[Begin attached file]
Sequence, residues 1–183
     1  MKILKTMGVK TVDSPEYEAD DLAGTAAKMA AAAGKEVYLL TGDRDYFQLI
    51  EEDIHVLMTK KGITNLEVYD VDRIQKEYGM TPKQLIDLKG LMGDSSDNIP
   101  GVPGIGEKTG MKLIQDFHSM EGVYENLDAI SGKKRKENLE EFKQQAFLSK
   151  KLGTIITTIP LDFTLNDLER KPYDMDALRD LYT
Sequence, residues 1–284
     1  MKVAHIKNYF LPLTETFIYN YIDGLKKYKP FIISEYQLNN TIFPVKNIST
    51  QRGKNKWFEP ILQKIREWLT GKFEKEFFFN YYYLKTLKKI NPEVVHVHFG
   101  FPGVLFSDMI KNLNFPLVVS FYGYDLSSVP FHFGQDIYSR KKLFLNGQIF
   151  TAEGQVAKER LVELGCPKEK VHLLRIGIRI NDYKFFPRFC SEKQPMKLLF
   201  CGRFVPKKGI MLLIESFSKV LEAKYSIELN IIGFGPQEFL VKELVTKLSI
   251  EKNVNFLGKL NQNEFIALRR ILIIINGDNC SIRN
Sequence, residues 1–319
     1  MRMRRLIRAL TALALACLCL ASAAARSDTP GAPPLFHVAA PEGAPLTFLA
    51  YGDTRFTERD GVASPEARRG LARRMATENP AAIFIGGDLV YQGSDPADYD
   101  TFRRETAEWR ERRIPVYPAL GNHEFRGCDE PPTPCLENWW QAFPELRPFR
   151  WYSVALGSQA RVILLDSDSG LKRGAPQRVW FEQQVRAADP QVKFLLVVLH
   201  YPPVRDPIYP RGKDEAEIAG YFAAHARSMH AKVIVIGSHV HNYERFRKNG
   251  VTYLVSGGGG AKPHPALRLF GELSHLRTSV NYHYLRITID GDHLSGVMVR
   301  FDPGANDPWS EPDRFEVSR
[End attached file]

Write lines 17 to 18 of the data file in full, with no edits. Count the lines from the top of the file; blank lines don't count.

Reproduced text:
   151  WYSVALGSQA RVILLDSDSG LKRGAPQRVW FEQQVRAADP QVKFLLVVLH
   201  YPPVRDPIYP RGKDEAEIAG YFAAHARSMH AKVIVIGSHV HNYERFRKNG